Australia Aims for Zero Emissions by 2020

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The Zero Carbon Australia Stationary Energy Plan, a report released by the non-profit group Beyond Zero Emissions in conjunction with the University of Melbourne’s Energy Institute, provides a detailed roadmap to power Australia’s with 100-percent renewable-energy by 2020.

The research was published in July by the University of Melbourne and argues that a renewable energy mix of wind energy and solar power backed up by biomass and hydroelectric power can easily replace Australia’s fossil fuel-based electricity. One of the main tenants of the research shoots down the theory that climate change cannot happen quickly. Promoters of Zero Carbon Australia have called for the Australian government to take a more aggressive approach to climate policy.

Matthew Wright, executive director of Beyond Zero Emissions, was quoted in a June press release, saying, “Australia needs a nation-building climate change project with the scale and vision of a Snowy Mountains Scheme for the 21st century. This approach can win the hearts and minds of Australians and put us on track to restore a safe climate.”

The Snowy Mountains Scheme, built between 1949 and 1974, is a hydro-electricity and irrigation facility and the largest engineering project in Australia, consisting of 16 major dams, seven power stations, a pumping station, and 225 kilometers of pipelines, tunnels, and aqueducts.

Wright added, “It’s time for the Australian parliament to implement a climate and energy policy agenda to repower our economy with 100 percent renewable energy by 2020. Concentrated solar thermal technology is capable of generating renewable electricity 24-hours-a-day, and credible and energy policy will encourage the rapid deployment of the technology in Australia.”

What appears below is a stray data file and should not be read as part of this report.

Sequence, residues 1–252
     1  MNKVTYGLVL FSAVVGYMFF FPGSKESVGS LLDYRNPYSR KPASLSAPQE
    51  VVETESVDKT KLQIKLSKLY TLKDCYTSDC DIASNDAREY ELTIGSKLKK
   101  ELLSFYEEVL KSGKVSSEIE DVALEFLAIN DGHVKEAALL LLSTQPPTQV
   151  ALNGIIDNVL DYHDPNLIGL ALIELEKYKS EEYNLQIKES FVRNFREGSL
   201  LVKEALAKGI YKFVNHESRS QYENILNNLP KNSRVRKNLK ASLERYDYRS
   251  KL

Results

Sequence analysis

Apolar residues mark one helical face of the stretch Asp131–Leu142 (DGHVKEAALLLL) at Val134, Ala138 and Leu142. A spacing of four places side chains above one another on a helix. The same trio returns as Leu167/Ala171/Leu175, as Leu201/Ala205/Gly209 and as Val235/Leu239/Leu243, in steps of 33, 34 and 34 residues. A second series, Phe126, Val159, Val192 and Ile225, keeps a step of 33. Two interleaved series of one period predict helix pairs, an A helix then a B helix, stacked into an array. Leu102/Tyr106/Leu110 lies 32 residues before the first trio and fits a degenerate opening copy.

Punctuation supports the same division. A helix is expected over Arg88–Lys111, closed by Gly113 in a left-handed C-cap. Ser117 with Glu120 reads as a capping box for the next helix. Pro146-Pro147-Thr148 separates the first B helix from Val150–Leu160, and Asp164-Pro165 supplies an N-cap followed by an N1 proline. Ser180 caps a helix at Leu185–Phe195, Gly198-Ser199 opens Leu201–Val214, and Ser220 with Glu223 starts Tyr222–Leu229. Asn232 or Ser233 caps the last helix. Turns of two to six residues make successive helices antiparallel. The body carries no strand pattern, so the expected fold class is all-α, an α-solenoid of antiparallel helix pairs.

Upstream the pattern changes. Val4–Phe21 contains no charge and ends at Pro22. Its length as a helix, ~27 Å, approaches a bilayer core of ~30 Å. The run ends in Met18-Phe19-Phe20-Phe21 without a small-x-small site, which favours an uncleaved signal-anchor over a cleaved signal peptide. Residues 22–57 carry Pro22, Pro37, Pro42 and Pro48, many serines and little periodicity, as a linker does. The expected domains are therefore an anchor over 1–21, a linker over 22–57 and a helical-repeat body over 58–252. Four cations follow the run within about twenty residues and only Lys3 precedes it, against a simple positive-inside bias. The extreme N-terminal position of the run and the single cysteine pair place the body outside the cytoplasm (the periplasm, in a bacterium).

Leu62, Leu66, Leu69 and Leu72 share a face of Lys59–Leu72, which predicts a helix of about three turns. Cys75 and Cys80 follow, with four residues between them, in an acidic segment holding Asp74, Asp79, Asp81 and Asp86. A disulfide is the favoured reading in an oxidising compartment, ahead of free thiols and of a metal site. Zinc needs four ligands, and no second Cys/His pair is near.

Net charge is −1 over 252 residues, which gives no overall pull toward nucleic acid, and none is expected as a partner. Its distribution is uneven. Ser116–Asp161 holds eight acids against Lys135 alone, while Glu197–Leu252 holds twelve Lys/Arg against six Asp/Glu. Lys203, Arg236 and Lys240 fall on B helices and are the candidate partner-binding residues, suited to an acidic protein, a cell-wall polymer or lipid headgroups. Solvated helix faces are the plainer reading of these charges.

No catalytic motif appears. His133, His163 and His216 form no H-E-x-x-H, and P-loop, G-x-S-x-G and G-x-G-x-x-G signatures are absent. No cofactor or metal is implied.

Resources to support the new Energy Plan call for seven percent of Australia’s concrete production during the next ten years; 2.6 percent of Australia’s total silver production, and 1.3 percent of the country’s total iron ore exports and steel production. The total investment requirement for Australia to concert to 100 percent renewable energy would be $AU370 billion, amounting to three percent of the gross domestic product, according to the report.

Skeptics of the plan include Duncan Currie, a writer for the conservative publication, National Review, who argues that a commitment to 100-percent renewable energy in ten years is unrealistic. He points to Al Gore’s very similar proposal in 2008 and the fact that in 2009 foreign oil still accounted for 63 percent of consumption.

Currie also cites data from the U.S. Energy Information Administration that based on current government policies, fossil fuels will account for at least 78 percent of overall energy use in the United States in 2035, only down from 84 percent in 2008.

Article by Julie Mitchell, appearing courtesy Celsias.

About Author

Walter’s contributions to CleanTechies over the past 4 years have been instrumental in growing the publications social media channels via his ongoing editorial and data driven strategies. He is the founder and managing director of Sunflower Tax, a renewable energy tax and finance consultancy based in San Diego, California. Active in the San Diego clean technology community, participating in events sponsored by CleanTech San Diego, EcoTopics, and Cleantech Open San Diego, Walter has also been a presenter at numerous California Center for Sustainability (CCSE) programs. He currently serves as an adjunct professor at the University of San Diego School of Law where he teaches a course on energy taxation and policy.

5 Comments

  1. As I noted earlier this kind of plan has no chance at all of being carried out. Indeed the estimated price tag is of $360 billion (265 billion euros) and to the Mother Nature Network (MNN) it would be “ significantly more than that”.

    How a single country like Australia can put so much money – 36 billion – per year ? Let’s be honest it can’t be done.

    I see six reasons for such plans to be bound to failure.

    (and the title is really misleading. The local government is moving, but not that fast… )

  2. We all agree: the headline is utterly wrong. The ‘plan’ expresses the view of only a tiny group, not “Australia.” Even if one imagines that the current prime minister has a similar “aim,” she politically possesses neither the gun nor the ammunition to hit such a target.

    While Stenger and I may not have exactly the same list of reasons, his stern skepticism is shared, and justified.

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